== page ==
A Microscope On Kaspersky

Kaspersky Lab

Suspicions have arisen of the Russian based company Kaspersky Lab recently partly as a response to the current fragile political climate between Russia and the United States as of late.

Kaspersky Lab offers products such as anti-virus and internet security programs to PC users and have been declared by Forbes to be an “anti-virus powerhouse”.  A dedicated cybersecurity program provider founded in Moscow, Russia in 1997 by Eugene Kaspersky.  Kaspersky has been seen having close working relationships with Russian officials, even being seen meeting them in saunas; furthermore, he moves on to replace many high-level managers with people who had ties to Russia’s military or intelligence services.  Allegedly, these new managers have provided data collected from 400 million customers using the Kaspersky cybersecurity software to Russia’s intelligence agency known as the FSB.  Kaspersky himself is also known to have completed his education at a government-sponsored university and to have worked at a post-graduate position working for the Russian government.  Four state institutions including the KGB sponsored his university and education.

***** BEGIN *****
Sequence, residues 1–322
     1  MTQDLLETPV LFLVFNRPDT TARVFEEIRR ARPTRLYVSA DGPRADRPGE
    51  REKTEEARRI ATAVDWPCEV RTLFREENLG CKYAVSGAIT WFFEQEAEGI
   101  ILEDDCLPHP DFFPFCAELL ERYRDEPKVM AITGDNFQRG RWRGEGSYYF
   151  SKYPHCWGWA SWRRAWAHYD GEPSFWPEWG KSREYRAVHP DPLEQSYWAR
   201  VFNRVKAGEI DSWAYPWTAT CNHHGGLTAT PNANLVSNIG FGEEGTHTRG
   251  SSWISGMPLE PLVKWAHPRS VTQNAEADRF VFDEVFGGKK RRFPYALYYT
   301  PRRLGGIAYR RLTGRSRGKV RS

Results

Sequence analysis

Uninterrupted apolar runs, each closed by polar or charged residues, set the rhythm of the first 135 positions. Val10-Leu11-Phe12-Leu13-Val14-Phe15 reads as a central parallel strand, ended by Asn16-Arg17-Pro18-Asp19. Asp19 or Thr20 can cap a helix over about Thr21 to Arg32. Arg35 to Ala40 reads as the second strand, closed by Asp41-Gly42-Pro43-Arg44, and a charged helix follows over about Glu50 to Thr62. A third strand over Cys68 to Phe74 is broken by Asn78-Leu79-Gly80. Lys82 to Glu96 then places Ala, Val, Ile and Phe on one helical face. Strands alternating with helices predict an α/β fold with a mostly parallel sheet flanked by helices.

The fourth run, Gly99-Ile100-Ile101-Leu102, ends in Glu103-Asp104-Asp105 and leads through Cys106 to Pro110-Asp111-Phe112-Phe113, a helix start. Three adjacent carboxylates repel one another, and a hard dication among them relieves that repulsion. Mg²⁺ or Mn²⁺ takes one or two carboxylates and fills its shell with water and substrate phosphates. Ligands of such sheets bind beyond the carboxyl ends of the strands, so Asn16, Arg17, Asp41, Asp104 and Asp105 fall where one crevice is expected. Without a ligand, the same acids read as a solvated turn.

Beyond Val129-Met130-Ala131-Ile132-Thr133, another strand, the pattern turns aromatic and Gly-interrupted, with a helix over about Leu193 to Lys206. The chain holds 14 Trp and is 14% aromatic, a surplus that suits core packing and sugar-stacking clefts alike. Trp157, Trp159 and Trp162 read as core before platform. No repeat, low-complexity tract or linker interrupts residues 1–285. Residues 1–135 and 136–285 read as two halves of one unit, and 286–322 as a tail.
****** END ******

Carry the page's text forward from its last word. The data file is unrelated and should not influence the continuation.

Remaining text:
Behind all these suspicions however, there remains support and refutations in favor of Kaspersky.  Although his education was sponsored by the Russian government, Eugene grew up in the Soviet Union era, where all institutions were sponsored by the Soviet government, not necessarily connecting Kaspersky’s motivations to support the Russian government.  Kaspersky Lab comments “-it was routine for university faculty to determine students’ post-graduate positions.”  It seems like Kaspersky is just being put under the microscope of the U.S. government due to his and his company’s origins although his recent actions are reasonably questionable.  However, as an attempt to set suspicions aside, Eugene has offered to turn his source code over to the United States while at CebIT in Australia for an in-depth analysis of any breaches of security that benefit Kaspersky or the Russian government.

-Max Rye: IT and Cyber-security Expert